At large, we have free will to vote & select our own political biases. Yet we see that people who wrongly make the public eye, spreading often vicious hatred & misinformation. Schools aren’t creating militias. They are supposed to be creating the next generation of citizens. Thus allowing young people to leave school with limited knowledge of their democratic rights as members of the electorate, is that correct? This is no disrespect to PSHE & Citizenship, the latter I know is being phased out of schools. But an hour a week of PSHE, which is usually & wrongly seen as ‘down time’ for students and some staff, it isn’t enough. At the minimum, students should know roughly what the main political parties principles are, or at least their names! Socialisation is about reducing that ‘them & us’ barrier that has been created in politics, dare I say on purpose. Politics is seen as something that ‘happens’ in London & has no impact on our lives. Thats now many students see politics not realising the very school they spend 30+ hours is formed through political processes!
‘Sir, what is Brexit?’
I’ve heard that may be 1,000 times in the past 3 years. The fascination & commitment to reporting Brexit in the media means all we seem to hear about is Britain attempting to leave the EU. At a time of instantaneous communication & information on an unlimited scale at our fingertips, why can’t kids just Google Brexit & find out for themselves? Being taught something and reading/hearing about it are very different things. Yes we expect our students to be aware of current affairs & watch the news. But are they understanding what they are seeing? Teachers through pedagogy & differentiation can make politics accessible for all students. It’s still so shocking that many students even by sixth form have no idea or no intention to understand the political process. Teaching about Brexit & the it’s potential impacts won’t create a stampede or a ruckus of political unrest, it may make students realise the importance of being a citizen, rights, responsibilities & national identity. As teachers too, it challenges us to make sure we are disseminating the correct information & also fully aware of the political climate that effects our very existence!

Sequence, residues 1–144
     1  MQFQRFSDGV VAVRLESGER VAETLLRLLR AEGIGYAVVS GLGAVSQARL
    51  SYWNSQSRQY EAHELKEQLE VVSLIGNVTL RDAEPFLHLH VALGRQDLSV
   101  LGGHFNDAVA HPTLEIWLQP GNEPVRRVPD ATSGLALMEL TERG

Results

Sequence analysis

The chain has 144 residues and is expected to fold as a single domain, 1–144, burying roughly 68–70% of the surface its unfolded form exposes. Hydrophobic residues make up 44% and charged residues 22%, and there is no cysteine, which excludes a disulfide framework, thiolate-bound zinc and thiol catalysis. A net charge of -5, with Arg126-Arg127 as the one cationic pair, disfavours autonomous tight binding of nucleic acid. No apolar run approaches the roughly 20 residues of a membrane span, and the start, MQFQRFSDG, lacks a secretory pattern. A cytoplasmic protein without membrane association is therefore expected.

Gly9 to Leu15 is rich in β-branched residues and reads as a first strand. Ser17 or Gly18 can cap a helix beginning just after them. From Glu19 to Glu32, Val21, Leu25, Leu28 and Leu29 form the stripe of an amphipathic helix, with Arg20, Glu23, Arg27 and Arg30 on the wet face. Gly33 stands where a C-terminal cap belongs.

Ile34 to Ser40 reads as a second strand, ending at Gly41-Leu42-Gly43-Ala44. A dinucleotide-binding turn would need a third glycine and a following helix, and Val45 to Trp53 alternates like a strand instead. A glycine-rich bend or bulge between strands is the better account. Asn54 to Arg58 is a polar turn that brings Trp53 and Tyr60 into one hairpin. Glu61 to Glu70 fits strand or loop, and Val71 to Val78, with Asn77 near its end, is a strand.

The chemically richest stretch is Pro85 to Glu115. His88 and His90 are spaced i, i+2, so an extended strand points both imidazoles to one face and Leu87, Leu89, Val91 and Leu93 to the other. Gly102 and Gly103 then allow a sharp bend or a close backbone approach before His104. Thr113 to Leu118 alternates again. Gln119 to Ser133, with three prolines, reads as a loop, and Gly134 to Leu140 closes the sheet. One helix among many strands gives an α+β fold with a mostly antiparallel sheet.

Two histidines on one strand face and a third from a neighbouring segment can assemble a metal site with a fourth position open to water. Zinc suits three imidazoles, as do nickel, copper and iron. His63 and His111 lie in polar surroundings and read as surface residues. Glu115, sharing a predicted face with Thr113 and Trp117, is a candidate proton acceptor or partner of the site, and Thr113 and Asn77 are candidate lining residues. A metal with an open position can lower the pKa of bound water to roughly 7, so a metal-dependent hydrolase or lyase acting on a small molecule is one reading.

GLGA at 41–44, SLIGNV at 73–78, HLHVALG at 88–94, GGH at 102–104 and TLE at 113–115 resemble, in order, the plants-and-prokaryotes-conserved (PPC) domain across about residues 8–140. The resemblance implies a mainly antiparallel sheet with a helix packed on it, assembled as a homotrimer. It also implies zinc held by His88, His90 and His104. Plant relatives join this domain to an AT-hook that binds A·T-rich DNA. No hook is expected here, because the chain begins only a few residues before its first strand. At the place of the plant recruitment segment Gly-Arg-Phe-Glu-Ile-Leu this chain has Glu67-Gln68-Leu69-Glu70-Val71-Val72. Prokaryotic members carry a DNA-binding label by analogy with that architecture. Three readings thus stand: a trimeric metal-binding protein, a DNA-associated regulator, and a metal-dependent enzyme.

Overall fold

I think deep in the underbelly of political actors is the view that once schools begin to make politics central to school curricular, that a well-informed & socially literate future electorate will ‘oust’ those in Westminster. Bringing wholesale changes that will destabilise the status quo & force middle Britain back to suburbia. This mass conspiracy theory is so wide of the mark. Yet I believe deeply rooted in rational behind the limited scope of politics in the educational diet.
May be if we made politics a core subject more Politics graduates would join teaching. As many of them study politics because they want to help others. There’s perhaps no better way to help others than teach them. Whether is deliberate or not, the exclusion of politics in the curriculum is creating mass misconceptions, mass misrepresentations, mass apathy, mass misunderstanding, mass oversimplification & mass misinformation on discussions, debates & issues that need the most attention.
Thank you for reading.